Page 45 - Jewish Book Annual Volume 12

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BIALOSTOTZKY — AMERICAN YIDDISH LITERATURE
39
young, the Negro poems of H. Leivick and the theme of Negro
lynching dealt with by J . Opatoshu, M. L. Halperin and Aaron
Kurtz.
I t should be remembered, too, th a t in American Yiddish poetry
and prose there are wonderful descriptions of the American land-
scape, such as
An Arm of The Sea
by A. Raboy, the verses of
H. Roisenblat, the descriptions of the seashore and the Hudson
by J . Bovshover and Mani Leib, descriptions of American cities
by Eliezer Greenberg, Alef Katz and Anna Margolin, of Pittsburgh
smokestacks, of Chicago stockyards, of sunny Florida, of forests,
rivers, American skies and American seas. The Grand Canyon
is described by Sholom Asch, Peretz Hirschbein, B. Charney
Vladeck and, in a long poem, by Z. Weinper.
There are certainly big city motifs in general American poetry
ever since the days of Longfellow and Walt Whitman. But there
are in Yiddish literature no less important poems about the growth
of New York and of American cities generally. The New York
motif is perhaps depicted more strongly in Yiddish than in
American poetry written in English.
In American Yiddish poetry are to be found new rhythms
which did not find expression in Vilna or Warsaw, where the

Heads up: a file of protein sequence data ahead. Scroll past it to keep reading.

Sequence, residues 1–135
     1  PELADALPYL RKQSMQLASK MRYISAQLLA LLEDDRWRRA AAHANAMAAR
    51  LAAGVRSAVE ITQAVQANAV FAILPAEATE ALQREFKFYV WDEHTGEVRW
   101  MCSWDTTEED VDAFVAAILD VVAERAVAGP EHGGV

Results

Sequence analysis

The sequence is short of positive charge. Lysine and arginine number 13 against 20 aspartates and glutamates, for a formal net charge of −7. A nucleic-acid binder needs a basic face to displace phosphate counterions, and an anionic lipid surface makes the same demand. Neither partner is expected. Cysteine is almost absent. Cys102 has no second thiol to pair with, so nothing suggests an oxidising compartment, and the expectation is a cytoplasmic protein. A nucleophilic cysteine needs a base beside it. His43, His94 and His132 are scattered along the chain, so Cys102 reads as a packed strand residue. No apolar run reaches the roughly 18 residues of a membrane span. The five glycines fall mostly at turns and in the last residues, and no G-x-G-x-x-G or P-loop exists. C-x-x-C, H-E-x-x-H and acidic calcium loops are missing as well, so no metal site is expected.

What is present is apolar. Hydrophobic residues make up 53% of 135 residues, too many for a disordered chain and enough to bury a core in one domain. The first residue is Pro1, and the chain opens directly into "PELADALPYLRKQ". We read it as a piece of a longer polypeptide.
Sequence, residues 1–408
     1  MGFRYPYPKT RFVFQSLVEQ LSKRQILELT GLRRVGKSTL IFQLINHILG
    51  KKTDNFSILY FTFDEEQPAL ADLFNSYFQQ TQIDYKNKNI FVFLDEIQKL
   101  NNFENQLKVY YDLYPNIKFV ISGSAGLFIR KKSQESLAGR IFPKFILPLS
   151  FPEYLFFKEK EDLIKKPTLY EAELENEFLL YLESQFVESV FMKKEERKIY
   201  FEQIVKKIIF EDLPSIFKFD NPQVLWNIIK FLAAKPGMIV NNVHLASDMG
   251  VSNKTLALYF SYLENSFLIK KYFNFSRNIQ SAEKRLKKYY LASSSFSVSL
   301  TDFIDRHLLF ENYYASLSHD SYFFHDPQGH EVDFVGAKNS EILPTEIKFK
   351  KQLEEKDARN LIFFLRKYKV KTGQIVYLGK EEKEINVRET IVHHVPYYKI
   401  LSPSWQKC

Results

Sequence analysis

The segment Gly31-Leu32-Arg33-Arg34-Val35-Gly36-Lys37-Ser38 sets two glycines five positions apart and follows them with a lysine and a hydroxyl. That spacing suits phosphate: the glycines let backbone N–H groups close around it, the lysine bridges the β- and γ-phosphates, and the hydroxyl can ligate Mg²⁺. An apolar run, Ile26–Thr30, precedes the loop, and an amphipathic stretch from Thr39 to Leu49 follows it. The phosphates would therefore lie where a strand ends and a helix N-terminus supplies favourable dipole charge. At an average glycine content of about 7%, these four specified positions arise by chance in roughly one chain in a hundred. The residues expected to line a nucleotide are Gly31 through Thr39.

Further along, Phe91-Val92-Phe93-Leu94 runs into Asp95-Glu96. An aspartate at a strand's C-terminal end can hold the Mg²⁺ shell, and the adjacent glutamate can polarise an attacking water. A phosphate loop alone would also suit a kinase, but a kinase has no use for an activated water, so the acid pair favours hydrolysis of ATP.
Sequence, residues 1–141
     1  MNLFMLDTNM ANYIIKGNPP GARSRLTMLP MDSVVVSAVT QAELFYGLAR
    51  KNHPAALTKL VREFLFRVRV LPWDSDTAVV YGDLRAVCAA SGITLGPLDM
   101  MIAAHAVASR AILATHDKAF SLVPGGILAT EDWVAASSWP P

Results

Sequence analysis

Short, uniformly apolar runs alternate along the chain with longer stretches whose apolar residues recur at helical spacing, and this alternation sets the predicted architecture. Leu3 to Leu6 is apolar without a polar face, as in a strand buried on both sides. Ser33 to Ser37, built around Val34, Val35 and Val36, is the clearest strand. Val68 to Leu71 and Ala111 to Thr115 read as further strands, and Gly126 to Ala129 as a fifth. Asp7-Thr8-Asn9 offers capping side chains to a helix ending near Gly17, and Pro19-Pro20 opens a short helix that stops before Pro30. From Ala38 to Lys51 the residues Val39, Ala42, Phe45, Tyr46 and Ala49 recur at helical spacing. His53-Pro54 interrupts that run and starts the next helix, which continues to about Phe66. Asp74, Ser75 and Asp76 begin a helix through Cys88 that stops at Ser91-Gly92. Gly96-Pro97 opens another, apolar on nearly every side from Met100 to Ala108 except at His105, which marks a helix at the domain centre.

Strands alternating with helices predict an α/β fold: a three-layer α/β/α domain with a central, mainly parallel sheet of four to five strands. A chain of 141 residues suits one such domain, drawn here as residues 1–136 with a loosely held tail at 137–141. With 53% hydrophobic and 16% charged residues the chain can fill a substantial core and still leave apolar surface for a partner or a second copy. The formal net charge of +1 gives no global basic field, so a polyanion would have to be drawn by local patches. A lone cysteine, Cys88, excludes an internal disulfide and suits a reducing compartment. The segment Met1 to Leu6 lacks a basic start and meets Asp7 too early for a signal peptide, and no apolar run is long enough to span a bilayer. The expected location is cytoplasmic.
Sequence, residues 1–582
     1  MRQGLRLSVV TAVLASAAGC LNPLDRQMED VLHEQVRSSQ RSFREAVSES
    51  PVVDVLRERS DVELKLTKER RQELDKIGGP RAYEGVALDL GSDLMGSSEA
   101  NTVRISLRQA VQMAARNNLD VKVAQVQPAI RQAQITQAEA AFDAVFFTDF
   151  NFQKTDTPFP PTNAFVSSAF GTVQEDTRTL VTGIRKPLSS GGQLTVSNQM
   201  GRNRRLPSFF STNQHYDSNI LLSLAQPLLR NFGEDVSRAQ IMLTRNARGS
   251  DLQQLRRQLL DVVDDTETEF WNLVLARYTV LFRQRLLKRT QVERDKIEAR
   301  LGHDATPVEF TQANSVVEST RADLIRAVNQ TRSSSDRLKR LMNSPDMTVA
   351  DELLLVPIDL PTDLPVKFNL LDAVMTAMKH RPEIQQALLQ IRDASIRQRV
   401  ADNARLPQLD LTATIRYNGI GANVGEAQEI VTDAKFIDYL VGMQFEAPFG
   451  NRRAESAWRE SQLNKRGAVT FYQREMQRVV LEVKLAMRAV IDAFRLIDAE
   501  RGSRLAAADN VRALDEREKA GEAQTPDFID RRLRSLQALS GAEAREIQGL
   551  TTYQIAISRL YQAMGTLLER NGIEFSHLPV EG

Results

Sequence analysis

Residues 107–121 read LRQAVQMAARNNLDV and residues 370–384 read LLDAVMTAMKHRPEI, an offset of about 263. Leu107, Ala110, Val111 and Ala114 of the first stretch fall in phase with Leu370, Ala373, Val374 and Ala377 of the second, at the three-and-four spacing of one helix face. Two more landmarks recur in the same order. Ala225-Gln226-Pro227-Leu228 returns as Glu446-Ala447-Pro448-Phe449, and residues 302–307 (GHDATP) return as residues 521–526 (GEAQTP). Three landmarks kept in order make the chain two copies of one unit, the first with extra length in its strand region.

rhythmical romanticism of the well-known swinging amphibrach
ruled poetry. The new rhythms, in par t irregular ones, have been
influenced by general American poetry. I t would be an important
contribution if a large anthology of American motifs in Yiddish
poetry were issued in this country in English.
INFLUENCES ON AMERICAN YIDDISH LITERATURE
The first Yiddish poets to be influenced by Anglo-Saxon litera-
ture were Morris Winchevsky in his London silhouettes, who was
influenced by Thomas Hood and William Morris, and J. Bov-
shover, who was influenced by Shelley, Walt Whitman and
Edwin Markham.
Influences from Russian poetry were brought into Yiddish by
A. Liesin, though he was a deeply nationalistic Jewish poet, and
by some of the poets of the modernist group known as
Yunge
,
such as Mani Leib, Zisha Landau, B. Lapin and J. Rolnick. Later
on one finds Russian influences in L. Feinberg and Nochum Yood,
and in N. B. MinkoflF, who, though quite Americanized and inti-
mately connected with American culture and literature, yet shows
strong traces of Russian mysticism.
The group of poets and prose writers who came immediately